Electrothrombosis of saccular aneurysms via endovascular approach

Part 1: Electrochemical basis, technique, and experimental results

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✓ Eleven experimental saccular aneurysms were created on the common carotid artery of swine. Between 3 and 15 days after creation of these aneurysms, they were thrombosed via an endovascular approach, using a very soft detachable platinum coil delivered through a microcatheter positioned within the aneurysm. This detachable platinum coil was soldered to a stainless steel delivery guidewire. Intra-aneurysmal thrombosis was then initiated by applying a low positive direct electric current to the delivery guidewire. Thrombosis occurred because of the attraction of negatively charged white blood cells, red blood cells, platelets, and fibrinogen to the positively charged platinum coil positioned within the aneurysm. The passage of electric current detached the platinum coil within the clotted aneurysm in 4 to 12 minutes. This detachment was elicited by electrolysis of the stainless steel wire nearest to the thrombus-covered platinum coil. Control angiograms obtained 2 to 6 months postembolization confirmed permanent aneurysm occlusion as well as patency of the parent artery in all cases. No angiographic manifestation of untoward distal embolization was noted. Due to the encouraging results of this research, this technique has been applied in selected clinical cases which are described in Part 2 of this study.

Article Information

Address reprint requests to: Guido Guglielmi, M.D., Universita' di Roma, Dipartimento di Scienze Neurologiche, Neuroangiografia Terapeutica, Viale dell'Universita' 30/a, 00185 Roma, Italy.

© AANS, except where prohibited by US copyright law.

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Figures

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    Diagrams representing the steps in electrothrombosis of saccular aneurysms via endovascular approach. Upper Left: The tip of a microcatheter is positioned into the aneurysmal neck. Upper Right: The platinum distal portion of a stainless steel delivery guidewire is introduced into the aneurysmal sac through the microcatheter. Arrow points to the junction between the platinum and stainless steel. Lower Left: Positive direct electric current is applied to the guidewire so that the positively charged platinum attracts the negatively charged white blood cells, red blood cells, platelets, and fibrinogen, thus initiating thrombus formation. Lower Right: In 4 to 12 minutes the current has dissolved, by electrolysis, the stainless steel portion proximal to the junction. The platinum portion is therefore detached within the clotted aneurysm.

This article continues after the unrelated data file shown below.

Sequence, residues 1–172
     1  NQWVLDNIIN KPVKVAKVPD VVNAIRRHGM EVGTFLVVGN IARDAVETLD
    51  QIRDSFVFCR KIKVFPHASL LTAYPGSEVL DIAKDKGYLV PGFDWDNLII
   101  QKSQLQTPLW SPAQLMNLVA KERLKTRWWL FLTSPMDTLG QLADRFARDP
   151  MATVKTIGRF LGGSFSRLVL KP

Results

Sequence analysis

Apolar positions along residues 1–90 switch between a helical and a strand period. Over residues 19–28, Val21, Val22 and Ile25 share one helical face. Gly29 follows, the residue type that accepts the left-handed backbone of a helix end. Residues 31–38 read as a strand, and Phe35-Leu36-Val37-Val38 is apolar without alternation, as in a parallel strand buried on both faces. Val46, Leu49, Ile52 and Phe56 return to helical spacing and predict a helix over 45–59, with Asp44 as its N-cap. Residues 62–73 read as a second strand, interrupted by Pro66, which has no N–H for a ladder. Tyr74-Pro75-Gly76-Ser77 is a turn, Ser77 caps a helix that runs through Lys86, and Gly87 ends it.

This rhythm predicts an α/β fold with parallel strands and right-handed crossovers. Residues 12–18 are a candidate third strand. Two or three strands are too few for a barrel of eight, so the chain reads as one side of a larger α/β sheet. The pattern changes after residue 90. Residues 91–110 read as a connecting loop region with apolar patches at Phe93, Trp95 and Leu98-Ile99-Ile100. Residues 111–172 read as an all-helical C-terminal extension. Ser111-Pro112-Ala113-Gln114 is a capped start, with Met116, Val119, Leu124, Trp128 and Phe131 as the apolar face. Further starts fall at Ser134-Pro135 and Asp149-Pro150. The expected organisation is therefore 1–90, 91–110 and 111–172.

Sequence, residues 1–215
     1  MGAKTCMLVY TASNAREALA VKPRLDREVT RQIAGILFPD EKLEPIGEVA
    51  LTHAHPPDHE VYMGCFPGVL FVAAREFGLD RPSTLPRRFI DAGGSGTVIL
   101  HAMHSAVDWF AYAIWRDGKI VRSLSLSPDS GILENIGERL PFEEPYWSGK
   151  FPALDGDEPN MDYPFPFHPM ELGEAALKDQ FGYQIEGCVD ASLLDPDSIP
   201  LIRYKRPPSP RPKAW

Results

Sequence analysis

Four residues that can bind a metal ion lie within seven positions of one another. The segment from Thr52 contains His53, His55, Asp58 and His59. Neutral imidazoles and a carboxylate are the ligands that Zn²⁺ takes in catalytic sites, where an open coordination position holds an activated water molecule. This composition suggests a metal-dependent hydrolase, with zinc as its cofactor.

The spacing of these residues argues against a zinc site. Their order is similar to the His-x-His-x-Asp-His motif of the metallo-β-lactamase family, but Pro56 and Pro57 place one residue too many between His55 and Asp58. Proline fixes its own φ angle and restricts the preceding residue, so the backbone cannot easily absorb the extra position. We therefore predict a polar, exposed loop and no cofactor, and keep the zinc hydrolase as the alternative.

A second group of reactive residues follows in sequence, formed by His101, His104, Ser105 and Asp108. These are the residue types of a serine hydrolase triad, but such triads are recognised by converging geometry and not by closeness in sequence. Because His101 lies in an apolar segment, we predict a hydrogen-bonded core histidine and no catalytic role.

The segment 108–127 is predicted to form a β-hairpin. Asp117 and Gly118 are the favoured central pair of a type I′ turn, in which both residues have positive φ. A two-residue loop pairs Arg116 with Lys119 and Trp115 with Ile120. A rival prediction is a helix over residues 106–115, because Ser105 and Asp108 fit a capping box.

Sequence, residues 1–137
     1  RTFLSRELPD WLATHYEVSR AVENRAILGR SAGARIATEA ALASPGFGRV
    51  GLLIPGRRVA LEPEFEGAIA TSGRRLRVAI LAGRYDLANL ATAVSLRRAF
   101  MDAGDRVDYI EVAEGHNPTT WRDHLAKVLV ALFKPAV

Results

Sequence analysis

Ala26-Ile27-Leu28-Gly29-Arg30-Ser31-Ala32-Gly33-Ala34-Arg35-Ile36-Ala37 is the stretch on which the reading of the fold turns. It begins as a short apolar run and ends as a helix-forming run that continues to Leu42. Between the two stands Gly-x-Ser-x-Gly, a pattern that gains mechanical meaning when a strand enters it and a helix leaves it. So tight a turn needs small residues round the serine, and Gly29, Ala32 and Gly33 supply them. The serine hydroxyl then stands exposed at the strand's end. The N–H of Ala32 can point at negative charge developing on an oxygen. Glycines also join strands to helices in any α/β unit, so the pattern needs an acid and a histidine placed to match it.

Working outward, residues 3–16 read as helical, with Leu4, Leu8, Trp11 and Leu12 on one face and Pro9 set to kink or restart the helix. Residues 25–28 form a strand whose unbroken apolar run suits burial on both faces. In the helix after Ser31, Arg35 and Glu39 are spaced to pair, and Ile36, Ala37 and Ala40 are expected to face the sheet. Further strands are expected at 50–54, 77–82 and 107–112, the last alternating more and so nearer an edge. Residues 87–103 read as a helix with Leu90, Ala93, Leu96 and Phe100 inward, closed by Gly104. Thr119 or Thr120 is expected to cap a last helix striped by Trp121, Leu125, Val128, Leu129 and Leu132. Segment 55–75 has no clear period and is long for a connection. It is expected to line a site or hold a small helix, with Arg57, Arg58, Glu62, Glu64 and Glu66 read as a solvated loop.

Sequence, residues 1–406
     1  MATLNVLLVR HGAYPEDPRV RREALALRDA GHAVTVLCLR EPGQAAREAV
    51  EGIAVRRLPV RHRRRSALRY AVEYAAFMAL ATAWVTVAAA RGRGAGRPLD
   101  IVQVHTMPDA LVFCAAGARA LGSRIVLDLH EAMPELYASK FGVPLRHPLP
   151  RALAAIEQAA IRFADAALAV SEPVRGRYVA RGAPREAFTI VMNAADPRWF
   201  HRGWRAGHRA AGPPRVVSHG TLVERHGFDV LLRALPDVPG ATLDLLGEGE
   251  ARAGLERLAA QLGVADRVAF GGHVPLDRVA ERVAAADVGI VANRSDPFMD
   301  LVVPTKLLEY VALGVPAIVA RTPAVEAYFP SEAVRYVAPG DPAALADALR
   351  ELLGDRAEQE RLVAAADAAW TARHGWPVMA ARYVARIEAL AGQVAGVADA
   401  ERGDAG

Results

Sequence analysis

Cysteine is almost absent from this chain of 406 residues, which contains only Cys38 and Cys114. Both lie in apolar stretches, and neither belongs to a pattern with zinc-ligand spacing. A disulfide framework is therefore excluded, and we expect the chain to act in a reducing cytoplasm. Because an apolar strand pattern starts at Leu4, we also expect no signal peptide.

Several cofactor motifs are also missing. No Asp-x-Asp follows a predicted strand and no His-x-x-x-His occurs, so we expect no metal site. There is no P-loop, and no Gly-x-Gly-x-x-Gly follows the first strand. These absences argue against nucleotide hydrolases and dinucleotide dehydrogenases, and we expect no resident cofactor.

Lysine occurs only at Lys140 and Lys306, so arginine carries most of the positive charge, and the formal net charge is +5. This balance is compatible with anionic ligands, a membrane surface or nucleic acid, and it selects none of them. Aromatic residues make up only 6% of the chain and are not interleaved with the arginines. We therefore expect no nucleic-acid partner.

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    Diagram of the detachable platinum coil. A: Diameter of the circular memory. B: The distal portion (4 to 40 cm in length) made of coiled platinum wire. C: Microsolder connecting the distal portion to the intermediate portion. D: Microsolder connecting the intermediate portion of the proximal portion. E and F: The intermediate portion (3 cm in length) made of coiled stainless steel wire. E: The uninsulated part of the intermediate portion. F: The Teflon-insulated part of the intermediate portion. G: The proximal stainless steel portion (175 cm in length). H: The tapering stainless steel core wire. I: Teflon lamination.

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    A platinum spiral with circular memory is shown (long double arrows). The Teflon-laminated intermediate portion (short double arrows) made of stainless steel and the platinum-stainless steel junction (curved arrow) are also shown. The 2-mm long uninsulated stainless steel is indicated by the long single arrow.

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    Left common carotid angiograms in a pig. Left: Pre-embolization study showing a surgically created saccular aneurysm 7 mm in diameter (arrows). Center: Angiogram taken 15 minutes after detachment of two 20-cm platinum coils into the aneurysmal sac. Intra-aneurysmal thrombosis is not yet complete. Right: Follow-up angiogram taken 3 weeks after embolization. The aneurysm is occluded and the parent artery preserved. The coils are visible within the aneurysmal sac (arrows). A 2-day postembolization angiogram (not shown) provided similar findings.

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    Right common carotid angiograms in a pig. Left: Pre-embolization study showing a surgically created saccular aneurysm 9 mm in diameter (arrows). Right: Follow-up angiogram obtained 3 months postembolization showing six detached platinum coils in the former aneurysmal sac (arrows). The aneurysm is occluded and the parent artery preserved.

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    Left: Specimen consisting of the common carotid artery and aneurysm. The former aneurysmal neck (arrow) appears covered by neo-endothelium. Right: Low-power photomicrograph of the same aneurysm in a longitudinal section obtained 2 months after coil embolization. Sections of coil are surrounded by abundant well-organized thrombus, numerous foreign-body giant cells, and chronic inflammation within the clot. The neck of the aneurysm (arrows) is entirely occluded by organized thrombus and the free luminal surface appears to be totally lined by endothelium. Also visible are Proline sutures (arrowheads) which anchor the vein to the artery wall and silk suture (curved arrow) used to form the dome of the aneurysm. Fuchsin stain.

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